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Minimum Wages and Employment: Comment

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  • Ian Watson
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    Abstract

    Does increasing the minimum wage lead to employment losses? For many years most economists thought that the answer to this was a straightforward 'yes'. However, research during the 1990s began to overturn this conventional wisdom and showed that increases in the minimum wage did not automatically lead to employment losses. A recent Australian study, by Leigh (2003), examined the impact of statutory minimum wages in Western Australia and reached conclusions which supported the conventional view. However, close scrutiny of Leigh's article shows that it is fundamentally flawed. Despite Leigh's efforts, it remains the case that we simply do not know a great deal about the employment impact of Australia's system of minimum wages. Copyright 2004 The University of Melbourne, Melbourne Institute of Applied Economic and Social Research.

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    Bibliographic Info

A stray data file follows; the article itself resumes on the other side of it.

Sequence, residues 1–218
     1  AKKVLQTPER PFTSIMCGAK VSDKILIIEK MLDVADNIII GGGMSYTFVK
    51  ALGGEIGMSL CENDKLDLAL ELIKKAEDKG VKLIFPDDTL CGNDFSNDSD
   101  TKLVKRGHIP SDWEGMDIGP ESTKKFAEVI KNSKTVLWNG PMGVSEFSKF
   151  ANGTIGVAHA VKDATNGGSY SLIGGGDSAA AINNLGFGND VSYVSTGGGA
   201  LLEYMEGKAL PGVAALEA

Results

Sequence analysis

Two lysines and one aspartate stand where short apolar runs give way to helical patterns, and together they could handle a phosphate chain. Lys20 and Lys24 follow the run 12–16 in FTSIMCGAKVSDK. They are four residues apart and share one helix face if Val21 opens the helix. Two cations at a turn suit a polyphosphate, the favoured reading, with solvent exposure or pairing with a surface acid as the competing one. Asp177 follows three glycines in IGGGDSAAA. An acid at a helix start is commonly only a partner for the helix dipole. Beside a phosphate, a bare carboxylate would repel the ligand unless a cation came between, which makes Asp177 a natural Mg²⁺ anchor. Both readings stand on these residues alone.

Article provided by The University of Melbourne, Melbourne Institute of Applied Economic and Social Research in its journal The Australian Economic Review.

    Volume (Year): 37 (2004)
    Issue (Month): 2 (06)
    Pages: 166-172

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    Handle: RePEc:bla:ausecr:v:37:y:2004:i:2:p:166-172

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    Cited by:
    1. Lee, Wang-Sheng & Suardi, Sandy, 2010. "Minimum Wages and Employment: Reconsidering the Use of a Time-Series Approach as an Evaluation Tool," IZA Discussion Papers 4748, Institute for the Study of Labor (IZA).
    2. Jellal, Mohamed, 2012. "Maroc salaire minimum emploi et pauvreté
      [Morocco minimum wage employment and poverty]
      ," MPRA Paper 38491, University Library of Munich, Germany.

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